Freddie Fox

Son of Edward Fox and Joanna David

With Freddie now the fourth generation of Foxes on stage, maybe hunting people are right to call them a pest. Due to star in Noël Coward's Hay Fever next week, 22-year-old Freddie not only has actors for parents but a sister too, Emilia Fox. So who can blame him for sleepwalking into acting, though he had flirted with becoming a barrister. His cheekbones and debonair dress sense would have been wasted on the Bar, and helped land him an early role as a drag queen – rather different from the assassin played by his father in Day of the Jackal.

 

 

Ed Stoppard

Son of Tom Stoppard and Miriam Stoppard

The similarities in looks to his writer-father at his age are uncanny. But so worried was 37-year-old Ed about accusations of nepotism when at drama school that he considered changing his name to his father's original Czech surname of Straussler. He persuaded himself that Stoppard wasn't so bad, and even accepted a part in Dad's 1993 work Arcadia. His mother is the agony aunt Miriam Stoppard. He is due to appear in François Archambault's The Leisure Society next month with supermodel Agyness Deyn, who is making her acting debut.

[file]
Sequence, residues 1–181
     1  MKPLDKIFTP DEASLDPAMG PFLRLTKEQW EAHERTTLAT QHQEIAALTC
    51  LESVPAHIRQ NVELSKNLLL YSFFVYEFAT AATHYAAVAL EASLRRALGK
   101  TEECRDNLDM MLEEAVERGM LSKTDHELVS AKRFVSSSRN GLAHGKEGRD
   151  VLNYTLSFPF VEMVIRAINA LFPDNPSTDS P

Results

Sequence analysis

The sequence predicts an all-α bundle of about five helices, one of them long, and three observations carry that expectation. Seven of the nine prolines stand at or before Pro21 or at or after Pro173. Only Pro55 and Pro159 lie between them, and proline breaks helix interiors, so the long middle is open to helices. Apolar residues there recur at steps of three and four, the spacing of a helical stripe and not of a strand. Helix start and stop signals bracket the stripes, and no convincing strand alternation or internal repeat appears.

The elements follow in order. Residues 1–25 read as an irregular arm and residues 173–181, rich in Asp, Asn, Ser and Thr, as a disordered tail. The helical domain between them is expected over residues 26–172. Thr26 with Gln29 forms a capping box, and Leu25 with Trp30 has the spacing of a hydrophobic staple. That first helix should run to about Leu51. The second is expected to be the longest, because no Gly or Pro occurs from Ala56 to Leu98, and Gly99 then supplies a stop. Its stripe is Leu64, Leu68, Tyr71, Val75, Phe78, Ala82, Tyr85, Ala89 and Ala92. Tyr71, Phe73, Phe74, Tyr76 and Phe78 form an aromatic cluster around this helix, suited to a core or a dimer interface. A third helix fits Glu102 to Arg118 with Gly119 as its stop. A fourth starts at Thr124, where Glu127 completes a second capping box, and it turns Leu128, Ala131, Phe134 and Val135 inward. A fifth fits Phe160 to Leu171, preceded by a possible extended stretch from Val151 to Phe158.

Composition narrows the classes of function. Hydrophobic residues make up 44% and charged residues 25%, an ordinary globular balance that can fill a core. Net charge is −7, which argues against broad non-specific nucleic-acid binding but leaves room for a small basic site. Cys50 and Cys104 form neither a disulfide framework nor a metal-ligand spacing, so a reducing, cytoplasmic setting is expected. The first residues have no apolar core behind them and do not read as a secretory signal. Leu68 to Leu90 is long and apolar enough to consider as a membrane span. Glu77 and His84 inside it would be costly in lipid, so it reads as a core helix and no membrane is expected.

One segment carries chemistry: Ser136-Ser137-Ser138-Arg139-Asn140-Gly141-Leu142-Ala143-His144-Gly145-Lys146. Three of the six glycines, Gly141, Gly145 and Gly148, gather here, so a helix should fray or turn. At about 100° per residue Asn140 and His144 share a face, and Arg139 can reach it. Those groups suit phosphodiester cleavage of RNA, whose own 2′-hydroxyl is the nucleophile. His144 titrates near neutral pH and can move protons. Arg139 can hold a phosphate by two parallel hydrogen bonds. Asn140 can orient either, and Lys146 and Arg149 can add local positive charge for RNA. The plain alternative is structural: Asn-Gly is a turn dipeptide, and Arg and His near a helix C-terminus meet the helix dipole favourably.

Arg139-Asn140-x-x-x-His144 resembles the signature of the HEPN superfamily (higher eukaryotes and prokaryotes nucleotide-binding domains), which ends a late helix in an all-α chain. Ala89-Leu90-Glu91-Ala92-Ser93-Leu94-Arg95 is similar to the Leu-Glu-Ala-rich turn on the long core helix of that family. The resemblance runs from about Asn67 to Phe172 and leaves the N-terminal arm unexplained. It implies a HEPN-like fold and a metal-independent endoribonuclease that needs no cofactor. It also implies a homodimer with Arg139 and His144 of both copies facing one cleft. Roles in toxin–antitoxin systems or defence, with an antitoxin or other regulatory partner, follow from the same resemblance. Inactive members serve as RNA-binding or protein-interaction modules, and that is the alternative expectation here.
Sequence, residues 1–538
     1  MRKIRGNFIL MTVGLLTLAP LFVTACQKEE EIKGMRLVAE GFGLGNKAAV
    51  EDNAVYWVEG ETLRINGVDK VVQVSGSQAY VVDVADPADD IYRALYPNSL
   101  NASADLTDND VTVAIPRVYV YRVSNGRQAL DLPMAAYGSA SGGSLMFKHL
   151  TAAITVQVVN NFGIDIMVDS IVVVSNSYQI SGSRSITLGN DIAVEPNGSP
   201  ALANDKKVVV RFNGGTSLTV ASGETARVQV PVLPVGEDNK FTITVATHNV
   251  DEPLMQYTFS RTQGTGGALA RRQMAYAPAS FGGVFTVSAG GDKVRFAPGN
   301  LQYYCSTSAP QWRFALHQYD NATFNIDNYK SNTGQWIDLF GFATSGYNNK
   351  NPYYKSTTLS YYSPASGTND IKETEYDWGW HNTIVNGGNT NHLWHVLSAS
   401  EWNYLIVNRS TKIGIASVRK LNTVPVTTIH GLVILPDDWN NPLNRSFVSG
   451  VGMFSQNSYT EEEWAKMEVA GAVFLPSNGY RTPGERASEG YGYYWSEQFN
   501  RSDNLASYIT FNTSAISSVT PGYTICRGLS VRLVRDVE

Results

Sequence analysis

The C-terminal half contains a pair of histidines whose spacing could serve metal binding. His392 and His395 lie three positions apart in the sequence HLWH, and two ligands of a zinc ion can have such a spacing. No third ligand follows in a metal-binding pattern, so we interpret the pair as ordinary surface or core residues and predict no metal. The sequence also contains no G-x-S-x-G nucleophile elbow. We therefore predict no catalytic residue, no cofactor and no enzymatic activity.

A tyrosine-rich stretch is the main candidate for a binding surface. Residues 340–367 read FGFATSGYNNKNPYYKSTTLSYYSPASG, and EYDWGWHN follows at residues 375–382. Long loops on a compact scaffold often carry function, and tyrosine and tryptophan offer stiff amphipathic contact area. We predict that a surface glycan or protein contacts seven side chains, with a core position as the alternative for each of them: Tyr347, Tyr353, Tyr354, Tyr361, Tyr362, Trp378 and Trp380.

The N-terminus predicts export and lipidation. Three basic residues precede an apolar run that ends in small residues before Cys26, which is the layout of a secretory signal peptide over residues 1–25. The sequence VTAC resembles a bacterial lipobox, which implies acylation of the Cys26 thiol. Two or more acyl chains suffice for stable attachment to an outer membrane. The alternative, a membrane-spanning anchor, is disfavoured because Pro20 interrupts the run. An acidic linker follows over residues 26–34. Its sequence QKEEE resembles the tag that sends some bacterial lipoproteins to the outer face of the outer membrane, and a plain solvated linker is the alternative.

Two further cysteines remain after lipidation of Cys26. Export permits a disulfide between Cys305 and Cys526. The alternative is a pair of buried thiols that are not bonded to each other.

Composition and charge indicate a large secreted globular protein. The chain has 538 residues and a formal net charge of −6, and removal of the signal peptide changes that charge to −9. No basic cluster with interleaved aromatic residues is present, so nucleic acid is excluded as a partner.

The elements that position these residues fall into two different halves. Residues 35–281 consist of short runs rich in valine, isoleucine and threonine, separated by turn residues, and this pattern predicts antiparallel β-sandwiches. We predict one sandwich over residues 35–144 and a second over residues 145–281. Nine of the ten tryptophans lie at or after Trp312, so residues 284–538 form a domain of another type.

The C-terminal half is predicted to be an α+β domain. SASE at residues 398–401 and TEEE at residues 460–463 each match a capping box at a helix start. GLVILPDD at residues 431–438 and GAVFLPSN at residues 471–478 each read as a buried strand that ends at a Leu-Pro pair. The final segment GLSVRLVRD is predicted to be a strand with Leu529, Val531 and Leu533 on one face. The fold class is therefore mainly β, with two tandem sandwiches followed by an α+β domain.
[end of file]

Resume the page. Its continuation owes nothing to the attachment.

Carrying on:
William Postlethwaite

Son of the late Pete Postlethwaite

Graduating from the London Academy of Music and Dramatic Arts only last summer, the young William Postlethwaite has wasted no time in following in his father's footsteps. After performing in As You Like It at the Manchester Royal Exchange last summer, he made his London stage debut at the National Theatre and is receiving positive reviews for his role as Grigory in Collaborators, a new play by John Hodge. He is not reported to have had any qualms about being called Postlethwaite.

PROMOTED VIDEO
Have you tried new the Independent Digital Edition apps?
Arts and Entertainment
Keira Knightley and Benedict Cumberbatch star in the Alan Turing biopic The Imitation Game

film
Arts and Entertainment

TV
Arts and Entertainment
Radio 4's Today programme host Evan Davis has been announced as the new face of Newsnight

TV
Arts and Entertainment
Pharrell Williams performing on the Main Stage at the Wireless Festival in Finsbury Park, north London

music
Arts and Entertainment
Carrie Mathison returns to the field in the fourth season of Showtime's Homeland

TV
Arts and Entertainment
Crowds soak up the atmosphere at Latitude Festival

music
Arts and Entertainment
Meyne Wyatt and Caren Pistorus arrive for the AACTA Aawrds in Sydney, Australia

TV
Arts and Entertainment
Rick Astley's original music video for 'Never Gonna Give You Up' has been removed from YouTube